A top Armenian army general expressed confidence at the weekend that increased ceasefire violations along Armenia’s border with Azerbaijan, which have killed and wounded several people in recent days, will not escalate further.
Nagorno-Karabakh’s Armenian-backed military was less sanguine about the situation on the frontlines, however, warning of “unpredictable consequences” for Azerbaijan.
“We had a more tense situation on the frontline in July-August last year,” Lieutenant-General Movses Hakobian, a deputy chief of the Armenian army’s General Staff, told journalists in Yerevan.What is happening on the frontline is nothing new for the armed forces. We always deal with such situations to varying degrees.”
“Our frontline troops fully control the situation. They have taken appropriate measures in connection with this tension and I think it will ease,” he said on Saturday.
The upsurge in fighting has been particularly serious at the western section of Armenia’s border with Azerbaijan. In the course of last week, villages on both sides of the frontier were directly hit in mostly overnight skirmishes between Armenian and Azerbaijani troops stationed in the area. Several civilians were wounded as a result.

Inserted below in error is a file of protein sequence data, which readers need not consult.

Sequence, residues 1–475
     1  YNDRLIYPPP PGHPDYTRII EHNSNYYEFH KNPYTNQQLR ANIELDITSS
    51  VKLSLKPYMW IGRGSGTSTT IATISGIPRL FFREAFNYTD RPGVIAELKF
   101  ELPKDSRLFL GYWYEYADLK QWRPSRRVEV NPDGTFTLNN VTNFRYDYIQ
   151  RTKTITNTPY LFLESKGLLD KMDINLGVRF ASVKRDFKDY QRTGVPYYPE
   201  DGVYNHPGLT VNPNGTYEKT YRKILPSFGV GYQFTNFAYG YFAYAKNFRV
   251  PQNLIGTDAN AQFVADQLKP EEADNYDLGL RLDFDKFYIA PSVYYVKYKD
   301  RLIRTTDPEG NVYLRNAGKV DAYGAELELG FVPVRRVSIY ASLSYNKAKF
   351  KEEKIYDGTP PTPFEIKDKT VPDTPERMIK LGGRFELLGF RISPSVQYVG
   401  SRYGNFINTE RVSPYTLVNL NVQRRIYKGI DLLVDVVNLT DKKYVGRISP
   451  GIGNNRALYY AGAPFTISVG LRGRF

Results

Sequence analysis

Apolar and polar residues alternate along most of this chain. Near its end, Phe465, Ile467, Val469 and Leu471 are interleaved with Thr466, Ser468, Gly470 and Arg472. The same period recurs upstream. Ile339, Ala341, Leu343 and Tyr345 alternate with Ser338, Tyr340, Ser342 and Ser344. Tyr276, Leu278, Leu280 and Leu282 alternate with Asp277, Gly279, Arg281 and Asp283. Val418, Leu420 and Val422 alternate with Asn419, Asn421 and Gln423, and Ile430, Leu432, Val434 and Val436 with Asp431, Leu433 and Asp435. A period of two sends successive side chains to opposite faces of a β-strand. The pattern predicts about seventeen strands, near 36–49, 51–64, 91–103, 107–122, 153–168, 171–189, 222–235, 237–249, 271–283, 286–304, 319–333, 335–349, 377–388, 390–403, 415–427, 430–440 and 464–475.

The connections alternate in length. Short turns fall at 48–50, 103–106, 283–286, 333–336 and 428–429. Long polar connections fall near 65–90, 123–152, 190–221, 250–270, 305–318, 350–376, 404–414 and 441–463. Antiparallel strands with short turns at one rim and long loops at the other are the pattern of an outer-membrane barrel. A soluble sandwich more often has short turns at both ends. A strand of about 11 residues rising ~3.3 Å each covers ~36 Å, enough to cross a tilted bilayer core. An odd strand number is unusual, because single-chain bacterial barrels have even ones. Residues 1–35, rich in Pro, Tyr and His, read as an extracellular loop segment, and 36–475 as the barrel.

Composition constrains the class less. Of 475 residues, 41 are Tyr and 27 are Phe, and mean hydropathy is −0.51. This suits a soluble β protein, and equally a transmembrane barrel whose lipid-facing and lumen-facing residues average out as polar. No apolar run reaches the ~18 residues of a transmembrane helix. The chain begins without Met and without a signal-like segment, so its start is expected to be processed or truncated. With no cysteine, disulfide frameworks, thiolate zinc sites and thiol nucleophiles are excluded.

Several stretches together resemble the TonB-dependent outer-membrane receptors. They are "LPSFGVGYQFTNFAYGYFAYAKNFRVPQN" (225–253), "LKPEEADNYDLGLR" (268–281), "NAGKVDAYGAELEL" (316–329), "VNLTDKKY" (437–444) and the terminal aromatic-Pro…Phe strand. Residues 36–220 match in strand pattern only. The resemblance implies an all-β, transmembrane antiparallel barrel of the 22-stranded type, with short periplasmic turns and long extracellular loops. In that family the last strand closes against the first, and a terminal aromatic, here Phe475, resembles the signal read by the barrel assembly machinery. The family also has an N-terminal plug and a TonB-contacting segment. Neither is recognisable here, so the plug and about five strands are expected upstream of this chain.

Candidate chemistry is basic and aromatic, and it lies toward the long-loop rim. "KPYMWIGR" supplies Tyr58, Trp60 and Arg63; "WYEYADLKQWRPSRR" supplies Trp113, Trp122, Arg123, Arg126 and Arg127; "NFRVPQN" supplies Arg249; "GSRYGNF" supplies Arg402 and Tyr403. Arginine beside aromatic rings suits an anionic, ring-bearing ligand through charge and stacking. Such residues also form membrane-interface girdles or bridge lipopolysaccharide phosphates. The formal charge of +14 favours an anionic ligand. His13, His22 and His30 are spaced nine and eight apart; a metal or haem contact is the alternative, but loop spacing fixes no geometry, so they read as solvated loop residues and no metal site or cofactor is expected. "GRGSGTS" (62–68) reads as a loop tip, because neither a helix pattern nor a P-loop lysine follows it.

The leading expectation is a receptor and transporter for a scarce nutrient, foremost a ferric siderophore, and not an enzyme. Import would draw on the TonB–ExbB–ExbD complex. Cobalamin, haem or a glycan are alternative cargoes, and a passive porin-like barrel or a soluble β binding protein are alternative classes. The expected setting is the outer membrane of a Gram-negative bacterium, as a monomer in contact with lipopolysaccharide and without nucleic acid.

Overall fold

“Compared with the previous days, the frequency of ceasefire violations has decreased,” Armenia’s Defense Ministry said later on Saturday. The Azerbaijani military likewise did not report major armed incidents there over the weekend.
Meanwhile, Karabakh’s Defense Army accused Baku of systematically ratcheting up tensions along “the line of contact” around Karabakh. In a statement released on Sunday, it said that Azerbaijani forces increasingly use mortars and rockets when violating the ceasefire regime there. It said that failure to de-escalate the situation could have “unpredictable consequences” for Baku.
The warning came the day after around 100 Karabakh Armenian volunteers led by Ara Harutiunian, the unrecognized republic’s prime minister, arrived in Armenia’s northern Tavush province to temporarily man some Armenian army posts along its border with western Azerbaijan. The authorities in Stepanakert portrayed the largely symbolic deployment as a show of solidarity with the local population.